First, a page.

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Ensuring economic security in the gig economy

Society, governments and firms must find a balance between flexibility and security around this disruptive but very efficient solution to create markets for talent.

Uber was among the first companies to develop the gig economy model and is still the best-known gig economy giant. David Plouffe, strategic advisor to Uber, says such platforms boost incomes of many families and help people who are struggling to pay bills or transitioning between jobs.

ONE of the most disruptive ways in which technology is changing the world of work is without doubt the so-called "gig" economy, where unlike in the traditional firm-based model, work is not performed by employees, but by freelancers (or "giggers") who are hired only for the time it takes to perform specific tasks.

Thanks to Internet-based platforms, gig economy companies connect sellers and buyers of almost any service. Uber was among the first companies to develop this model and is still the best-known gig economy giant. This business model has spread rapidly - first to other low-skill services such as domestic chores (TaskRabbit) or care needs (, and now to higher-skill jobs. Anyone can hire computer programmers, designers, ghost writers or even business consultants on general web-based platforms such as or dedicated platforms like for designers or for business consultants. Since these jobs do not necessarily have to be performed locally, the high-skill segment of the market for freelancers is clearly international. In the gig economy, talent can be traded on a global scale.

What exactly do we mean by gig economy? There are, at least, two different types of gig work. The best-known type is on-demand work, facilitated by Internet-based apps and platforms that connect service sellers and buyers in local markets (for example, Uber, TaskRabbit,, and so forth).

But there is also crowdwork, which can be performed by workers based anywhere in the world as long as they have access to a computer. They execute simple tasks for which they are paid usually small amounts, typically a few cents per task. One of the best-known crowdwork platforms is Amazon's Mechanical Turk. The tasks performed by crowdworkers are called "human intelligence tasks" and cannot be outsourced to machines, like filling in psychology questionnaires or training machine learning algorithms in face recognition.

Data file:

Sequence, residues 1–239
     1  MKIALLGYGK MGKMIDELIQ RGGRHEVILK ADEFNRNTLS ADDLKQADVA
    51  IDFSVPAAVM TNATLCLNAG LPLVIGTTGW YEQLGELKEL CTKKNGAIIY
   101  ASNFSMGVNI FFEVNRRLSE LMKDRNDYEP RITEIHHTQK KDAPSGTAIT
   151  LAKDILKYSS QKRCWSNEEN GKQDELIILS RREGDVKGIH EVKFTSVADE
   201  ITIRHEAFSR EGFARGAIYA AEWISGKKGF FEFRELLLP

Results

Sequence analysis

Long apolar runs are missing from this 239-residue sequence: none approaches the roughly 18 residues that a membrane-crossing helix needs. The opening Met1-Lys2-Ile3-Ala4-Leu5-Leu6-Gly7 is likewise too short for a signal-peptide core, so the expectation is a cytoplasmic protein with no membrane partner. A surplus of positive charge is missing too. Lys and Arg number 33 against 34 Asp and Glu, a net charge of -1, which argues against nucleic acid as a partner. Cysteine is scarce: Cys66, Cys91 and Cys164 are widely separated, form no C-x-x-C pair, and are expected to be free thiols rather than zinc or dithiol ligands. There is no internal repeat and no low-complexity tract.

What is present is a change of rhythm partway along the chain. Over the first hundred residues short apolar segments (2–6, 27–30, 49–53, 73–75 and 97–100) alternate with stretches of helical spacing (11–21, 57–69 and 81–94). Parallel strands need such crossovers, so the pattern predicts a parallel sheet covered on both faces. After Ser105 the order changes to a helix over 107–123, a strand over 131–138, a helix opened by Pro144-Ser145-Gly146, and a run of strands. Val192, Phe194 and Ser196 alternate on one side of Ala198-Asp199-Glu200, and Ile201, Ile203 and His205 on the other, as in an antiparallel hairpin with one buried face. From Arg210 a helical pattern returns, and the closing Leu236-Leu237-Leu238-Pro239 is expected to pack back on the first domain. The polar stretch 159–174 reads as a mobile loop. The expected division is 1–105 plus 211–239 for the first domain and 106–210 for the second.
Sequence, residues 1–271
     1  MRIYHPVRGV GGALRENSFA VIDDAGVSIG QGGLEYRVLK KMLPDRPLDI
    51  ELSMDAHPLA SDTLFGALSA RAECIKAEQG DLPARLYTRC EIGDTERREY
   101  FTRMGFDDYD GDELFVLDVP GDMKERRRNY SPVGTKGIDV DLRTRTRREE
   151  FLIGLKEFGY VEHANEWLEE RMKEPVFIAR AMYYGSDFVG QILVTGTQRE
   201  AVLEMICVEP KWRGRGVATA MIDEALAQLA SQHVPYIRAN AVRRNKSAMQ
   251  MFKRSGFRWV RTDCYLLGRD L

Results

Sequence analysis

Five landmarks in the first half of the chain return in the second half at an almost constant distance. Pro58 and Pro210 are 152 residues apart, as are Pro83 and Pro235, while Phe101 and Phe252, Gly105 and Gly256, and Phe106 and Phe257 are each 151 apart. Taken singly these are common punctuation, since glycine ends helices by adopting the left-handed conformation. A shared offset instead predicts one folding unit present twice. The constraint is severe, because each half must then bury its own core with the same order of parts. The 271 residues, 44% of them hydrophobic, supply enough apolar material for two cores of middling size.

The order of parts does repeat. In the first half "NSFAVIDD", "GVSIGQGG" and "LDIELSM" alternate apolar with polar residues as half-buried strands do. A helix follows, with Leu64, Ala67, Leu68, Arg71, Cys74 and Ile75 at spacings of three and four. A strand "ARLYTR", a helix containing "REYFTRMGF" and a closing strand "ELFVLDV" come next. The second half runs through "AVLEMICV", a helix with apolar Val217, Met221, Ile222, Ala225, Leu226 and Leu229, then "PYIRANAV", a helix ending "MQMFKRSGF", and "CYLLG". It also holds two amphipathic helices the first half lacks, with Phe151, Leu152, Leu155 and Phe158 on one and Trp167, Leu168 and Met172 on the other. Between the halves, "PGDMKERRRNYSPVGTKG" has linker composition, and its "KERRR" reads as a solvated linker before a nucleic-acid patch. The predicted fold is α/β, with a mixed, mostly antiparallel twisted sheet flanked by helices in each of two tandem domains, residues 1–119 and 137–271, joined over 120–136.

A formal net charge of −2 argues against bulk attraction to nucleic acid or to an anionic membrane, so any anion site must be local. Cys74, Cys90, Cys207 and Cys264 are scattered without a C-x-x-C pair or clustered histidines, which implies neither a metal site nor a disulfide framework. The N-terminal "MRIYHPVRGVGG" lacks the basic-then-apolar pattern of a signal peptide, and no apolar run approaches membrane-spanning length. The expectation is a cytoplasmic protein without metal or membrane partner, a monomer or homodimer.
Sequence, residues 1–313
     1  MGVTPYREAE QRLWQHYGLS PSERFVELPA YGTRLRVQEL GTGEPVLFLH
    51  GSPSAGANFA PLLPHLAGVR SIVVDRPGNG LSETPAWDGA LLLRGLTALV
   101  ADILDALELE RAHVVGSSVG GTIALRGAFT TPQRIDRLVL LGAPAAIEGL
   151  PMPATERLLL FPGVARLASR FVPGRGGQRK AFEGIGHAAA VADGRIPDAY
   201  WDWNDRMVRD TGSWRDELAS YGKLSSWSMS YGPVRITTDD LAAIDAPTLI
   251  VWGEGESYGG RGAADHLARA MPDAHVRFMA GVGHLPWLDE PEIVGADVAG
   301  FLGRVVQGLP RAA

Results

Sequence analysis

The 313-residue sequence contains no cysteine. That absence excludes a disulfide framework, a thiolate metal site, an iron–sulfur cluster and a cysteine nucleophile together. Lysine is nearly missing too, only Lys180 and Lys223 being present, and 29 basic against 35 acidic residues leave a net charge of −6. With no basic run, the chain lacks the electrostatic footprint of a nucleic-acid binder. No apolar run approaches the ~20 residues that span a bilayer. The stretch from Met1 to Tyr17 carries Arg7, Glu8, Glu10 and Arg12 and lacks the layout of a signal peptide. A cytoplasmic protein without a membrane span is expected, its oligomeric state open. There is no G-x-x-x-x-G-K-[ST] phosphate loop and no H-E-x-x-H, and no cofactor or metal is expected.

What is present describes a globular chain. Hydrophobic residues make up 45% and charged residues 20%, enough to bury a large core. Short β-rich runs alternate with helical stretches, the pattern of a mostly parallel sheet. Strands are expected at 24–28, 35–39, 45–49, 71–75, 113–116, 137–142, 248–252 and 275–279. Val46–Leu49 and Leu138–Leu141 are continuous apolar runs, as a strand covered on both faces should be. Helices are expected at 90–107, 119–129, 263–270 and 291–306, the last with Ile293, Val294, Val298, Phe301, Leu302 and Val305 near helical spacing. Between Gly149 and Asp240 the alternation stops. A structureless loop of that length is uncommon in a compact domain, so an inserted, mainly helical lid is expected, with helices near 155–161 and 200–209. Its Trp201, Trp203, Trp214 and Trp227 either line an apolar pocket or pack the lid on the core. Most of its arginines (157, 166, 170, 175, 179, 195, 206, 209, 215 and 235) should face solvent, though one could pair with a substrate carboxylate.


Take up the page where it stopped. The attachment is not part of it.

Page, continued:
How big is the gig economy now? The answer depends on how we define it. Estimates using a strict definition (persons getting all or most of their income from gigging) give relatively low numbers, ranging from 0.5 to 3 per cent of the workforce for the US and Western Europe. Broader definitions to include workers who supplement other sources of income are in the region of 10-15 per cent. The gig economy is still marginal, but is widely recognised for its enormous potential. It is easy to envision a future in which many firms will consist of a core of essential staff who hire talent when and where it is needed.

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What are the consequences of such disruptive technological change for workers? The debate on the gig economy provides us with various scenarios. The digital optimists believe that not only consumers, but also workers, will benefit from the increased flexibility and empowerment that come with being self-employed, such as having greater control over work schedules, clients, jobs and projects. In fact, this vision is very far from reality for most gig workers. Take Uber drivers: if they want to obtain a reasonable income, they have to drive around for several hours every day, often just waiting for a client to call.

Socially minded gig economy gurus and executives, above all in America, propagate the optimistic view of the gig economy. The narrative is often one of new forms of work providing a kind of last resort safety net for poor people - a safety net that the state is no longer capable or willing to guarantee. The Internet is full of quotes from new economy big names who argue this. David Plouffe, who ran the 2008 presidential campaign for Barack Obama and is a now a strategic advisor to Uber, says: "We're discovering that platforms like Uber are boosting the incomes of millions of American families. They're helping people who are struggling to pay the bills, earn a little extra spending money, or transitioning between jobs."

Stacy Brown-Philipot, the CEO of TaskRabbit who grew up in a disadvantaged Detroit neighborhood, sees the gig economy as an opportunity to "create everyday work for everyday people". Could the gig economy really be replacing the fading welfare state?

Then there are the pessimists who see the kind of work provided by Internet-based platforms as insecure and alienating. In their eyes, gig work represents the ultimate stage in the casualisation of work and the destruction of workers' rights. From this perspective, gig economy workers are like employees without workers' rights.

As always, reality is in the middle. Platforms like Uber or TaskRabbit do provide access to income streams to people who would find it extremely difficult to compete in the regular labour market. This is, above all, the case for unskilled workers. But having access to an income stream is not enough. Freelancing of the kind that takes place through Internet-based platforms has two main shortcomings. The first one is the lack of short-term income security. Revenues for giggers can be unpredictable. Some level of short-term economic security is essential to be able to lead a "normal" life, which by most definitions would include having a family, renting or buying accommodation, and planning for the future.